| Sourav at Mumbai airport. (Fotocorp)
Oct. 18: Sourav Ganguly, who was declared fit to play a Duleep Trophy match from October 20, told his Calcutta doctor before leaving for the medical test in Mumbai: “Don’t worry' I’ll come back into the team.”
The comeback bid will start at Rajkot against North Zone when Sourav leads East Zone out to the field with the India team doctor, Anant Joshi, and physio John Gloster confirming after fitness tests that the former captain’s tennis elbow had healed enough for him to play the most important Duleep match of his life.
“Dr Anant Joshi and Gloster re-evaluated Ganguly’s elbow and were of the opinion that he has improved enough to participate in the Duleep Trophy match,” Ratnakar Shetty, the executive secretary in-charge of the Board of Control for Cricket in India, said.
“Participation in this match will give a better overall picture as to the status of his recovery.”
Joshi and Gloster examined Sourav for 30 minutes behind closed doors in a room at Hotel Orchid near the domestic airport in Mumbai. No other details were made available to the media after the examination, nor did Sourav say anything after emerging from the test.
But, before leaving for Mumbai, he told Calcutta-based orthopaedic and family friend Dr Kalyan Mukherjee: “Kalyan-da, tumi kichhu chinta koro na (don’t worry), I will come back into the team.”
Mukherjee credited Dr Joshi for his role in getting Sourav fit for the match. “We worked together to provide Sourav the perfect regimen for getting fit quickly,” Mukherjee said.
Sourav is expected to travel to Rajkot from Mumbai tomorrow while his former India team-mates gather for a three-day camp in Bangalore, the city of the current India captain, Rahul Dravid, which is also the place coach Greg Chappell has made his home in India.
Sourav had been training the past few days, mostly running and working out at the gym, but picked up the bat yesterday for about 80-90 minutes.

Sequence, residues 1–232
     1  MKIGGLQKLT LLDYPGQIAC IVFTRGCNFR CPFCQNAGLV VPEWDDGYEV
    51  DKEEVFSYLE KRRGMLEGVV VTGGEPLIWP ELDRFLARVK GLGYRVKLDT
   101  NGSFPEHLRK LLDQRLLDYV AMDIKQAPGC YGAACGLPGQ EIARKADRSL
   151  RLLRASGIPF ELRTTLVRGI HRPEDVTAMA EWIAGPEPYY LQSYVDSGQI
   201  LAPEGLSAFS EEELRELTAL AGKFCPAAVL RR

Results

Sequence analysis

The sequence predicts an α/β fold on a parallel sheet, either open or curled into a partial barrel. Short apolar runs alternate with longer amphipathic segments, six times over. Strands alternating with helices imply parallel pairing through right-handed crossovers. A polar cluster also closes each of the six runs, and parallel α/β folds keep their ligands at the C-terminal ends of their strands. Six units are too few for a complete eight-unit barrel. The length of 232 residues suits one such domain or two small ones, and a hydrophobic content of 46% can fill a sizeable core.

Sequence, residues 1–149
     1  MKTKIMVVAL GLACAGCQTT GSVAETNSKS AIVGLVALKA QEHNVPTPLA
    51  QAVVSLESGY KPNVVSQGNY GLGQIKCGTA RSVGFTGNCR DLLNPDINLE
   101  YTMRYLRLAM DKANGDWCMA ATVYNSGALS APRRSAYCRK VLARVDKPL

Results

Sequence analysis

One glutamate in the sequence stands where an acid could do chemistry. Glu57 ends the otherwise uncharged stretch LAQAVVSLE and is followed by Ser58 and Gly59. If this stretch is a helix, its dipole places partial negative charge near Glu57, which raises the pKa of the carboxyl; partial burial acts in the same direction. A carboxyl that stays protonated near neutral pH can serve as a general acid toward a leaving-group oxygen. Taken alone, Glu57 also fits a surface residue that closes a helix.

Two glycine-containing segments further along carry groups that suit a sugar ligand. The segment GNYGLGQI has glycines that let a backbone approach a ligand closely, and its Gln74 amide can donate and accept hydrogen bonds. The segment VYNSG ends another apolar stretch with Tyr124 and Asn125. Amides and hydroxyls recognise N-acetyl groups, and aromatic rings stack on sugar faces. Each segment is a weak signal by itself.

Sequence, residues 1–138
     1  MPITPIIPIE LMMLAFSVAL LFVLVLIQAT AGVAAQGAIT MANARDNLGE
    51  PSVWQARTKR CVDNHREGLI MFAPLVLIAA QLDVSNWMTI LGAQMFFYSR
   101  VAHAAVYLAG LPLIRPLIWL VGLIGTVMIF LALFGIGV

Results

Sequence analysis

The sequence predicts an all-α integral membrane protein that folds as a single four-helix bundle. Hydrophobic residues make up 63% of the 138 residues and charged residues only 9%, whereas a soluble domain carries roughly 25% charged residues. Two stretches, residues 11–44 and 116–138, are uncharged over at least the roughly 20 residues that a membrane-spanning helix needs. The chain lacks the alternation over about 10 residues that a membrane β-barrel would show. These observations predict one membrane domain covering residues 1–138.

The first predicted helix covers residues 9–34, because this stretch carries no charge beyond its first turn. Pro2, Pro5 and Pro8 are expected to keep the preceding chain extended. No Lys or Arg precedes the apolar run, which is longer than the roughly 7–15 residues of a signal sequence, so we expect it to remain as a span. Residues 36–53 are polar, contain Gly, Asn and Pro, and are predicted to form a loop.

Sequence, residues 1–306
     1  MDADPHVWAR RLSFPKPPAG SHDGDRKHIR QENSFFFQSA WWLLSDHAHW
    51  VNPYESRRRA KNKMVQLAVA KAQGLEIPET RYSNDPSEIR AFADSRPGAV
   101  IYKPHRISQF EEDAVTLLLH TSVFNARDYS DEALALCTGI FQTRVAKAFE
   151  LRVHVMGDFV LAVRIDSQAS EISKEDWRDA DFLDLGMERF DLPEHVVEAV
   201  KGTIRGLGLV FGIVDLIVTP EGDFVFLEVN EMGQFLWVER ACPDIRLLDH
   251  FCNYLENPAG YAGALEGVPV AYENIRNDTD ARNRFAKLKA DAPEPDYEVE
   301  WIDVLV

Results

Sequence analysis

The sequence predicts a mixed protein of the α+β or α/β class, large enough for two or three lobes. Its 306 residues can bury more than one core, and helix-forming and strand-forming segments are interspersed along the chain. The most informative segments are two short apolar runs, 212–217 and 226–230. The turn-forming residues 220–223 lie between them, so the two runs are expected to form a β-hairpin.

Mukherjee and the Ganguly family were a little apprehensive about the nets. “After one and a half hours of intense practice, he did feel some pain in his elbow, but that was understandable since he was holding the bat and bowled after a long layoff,” said Mukherjee.
“But he told me not to worry then, he told me not to worry now.”
The doctor revealed the joy in the family when news reached of Sourav having been medically cleared to play.
Sourav’s case was diagnosed as mild tennis elbow and the Type I state of the disease, which is easily treatable. “We did not waste any time and did not let the problem take a serious turn. Instead, we got some medication and gadgets from the US and tried the latest techniques to get Sourav fit for the (medical) test and the Rajkot tie. All our efforts seem to have paid dividend,” Mukherjee added.
The final dividend will, of course, be his selection back in the team. At Rajkot, Sourav has to put some runs on the board in order for the selectors to consider him for the third ODI against Sri Lanka at Jaipur on October 31 and the subsequent four matches of the series.
There have been some reports of a green-top wicket at Rajkot being prepared to create trouble for Sourav because of his perceived weakness against fast bowling. Among North Zone’s pacers, V.R.V. Singh, who caught attention in the recent Challenger Trophy matches, is said to be the quickest in India now.
With inputs from Satish Nandgaonkar in Mumbai